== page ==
If you can’t keep them off the streets, beat them up, or jail them, then you join them and destroy them from within. It’s an ancient trick, but the Castro dynasty has perfected it.
Unfortunately, the tactic works.
18 members of Cuba’s Ladies in White resign over alleged infiltrator
By JUAN O. TAMAYO — El Nuevo Herald
MIAMI — At least 18 members have quit Cuba’s dissident Ladies in White in the eastern province of Santiago de Cuba. Top opposition leader Jose Daniel Ferrer has been accused of treating a black supporter like a slave. And Ferrer has split from his wife of 20 years.
The two most aggressive opposition movements in eastern Cuba appear to be going through a rough period in recent weeks, forced to deny serious allegations and even hanging up the phone on usually friendly Miami news media.
But dissidents say their troubles are the work of infiltrators from the State Security apparatus in the communist-ruled island, tasked with fueling the jealousies and rivalries that have long riven the opposition and creating new ones.
“It is very, very clear that all of this comes from people who have a job to do for the political police,” said Ferrer, who served eight years as a political prisoner, was freed in 2011 and is now one of the island’s most respected opposition activists.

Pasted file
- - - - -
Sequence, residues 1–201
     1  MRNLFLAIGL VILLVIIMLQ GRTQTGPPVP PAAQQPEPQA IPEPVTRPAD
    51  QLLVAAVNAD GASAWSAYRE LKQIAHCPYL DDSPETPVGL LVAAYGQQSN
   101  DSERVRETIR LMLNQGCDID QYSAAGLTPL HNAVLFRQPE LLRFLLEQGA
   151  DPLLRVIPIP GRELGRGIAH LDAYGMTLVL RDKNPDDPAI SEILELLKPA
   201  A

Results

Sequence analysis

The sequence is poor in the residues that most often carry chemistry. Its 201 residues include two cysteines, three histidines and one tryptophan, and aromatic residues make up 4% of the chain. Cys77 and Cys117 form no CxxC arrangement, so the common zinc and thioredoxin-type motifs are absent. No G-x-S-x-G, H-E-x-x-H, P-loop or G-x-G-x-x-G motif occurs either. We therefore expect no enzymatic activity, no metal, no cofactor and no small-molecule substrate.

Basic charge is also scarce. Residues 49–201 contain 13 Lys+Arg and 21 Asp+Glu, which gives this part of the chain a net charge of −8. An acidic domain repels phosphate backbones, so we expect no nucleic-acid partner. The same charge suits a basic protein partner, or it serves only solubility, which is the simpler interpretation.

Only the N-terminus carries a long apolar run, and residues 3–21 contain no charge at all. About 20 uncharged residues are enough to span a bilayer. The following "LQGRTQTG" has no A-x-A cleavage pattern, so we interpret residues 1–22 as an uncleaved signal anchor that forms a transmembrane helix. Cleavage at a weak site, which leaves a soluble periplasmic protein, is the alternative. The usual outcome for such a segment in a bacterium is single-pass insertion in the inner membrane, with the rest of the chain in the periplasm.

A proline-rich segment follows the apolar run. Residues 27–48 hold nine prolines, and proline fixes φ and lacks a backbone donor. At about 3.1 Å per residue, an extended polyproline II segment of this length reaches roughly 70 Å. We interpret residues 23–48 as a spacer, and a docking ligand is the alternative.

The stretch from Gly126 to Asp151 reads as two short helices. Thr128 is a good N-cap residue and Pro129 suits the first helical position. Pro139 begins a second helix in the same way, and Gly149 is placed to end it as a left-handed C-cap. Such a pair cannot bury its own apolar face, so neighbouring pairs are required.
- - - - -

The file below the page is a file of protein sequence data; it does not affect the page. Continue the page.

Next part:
The group he founded, the Cuban Patriotic Union, or UNPACU, is the most combative dissident faction in Santiago. Earlier this year it forged a national alliance with Guillermo Farinas, winner of the European Parliament’s $67,000 Sakharov prize.
Authorities meanwhile have repeatedly cracked down on the Santiago branch of the Ladies in White as they push to win the same right to stage public protests as their counterparts in Havana, who march along an avenue after Sunday Masses.
At the root of the split within the Ladies in White is a push by several members to expel a woman repeatedly accused of being a State Security infiltrator and inventing gossip about infidelities by the group’s members or their husbands.
Group leader Berta Soler in Havana acknowledged that she and Santiago leader Belkis Cantillo opposed expelling the woman during a June 18 meeting in Santiago because it would be essentially undemocratic to drive her out without hard evidence.
“We are learning each day how to live with infiltrators. It does not worry us,” Soler told El Nuevo Herald by phone from Havana. “We are not going to waste the time that must be used to continue working for human rights.”
In a statement issued June 30, Soler had declared: “We will not fall into the foolish game of you tell me and I tell you … There are no proofs that she is an agent … so she will continue being a member until it is proven.”
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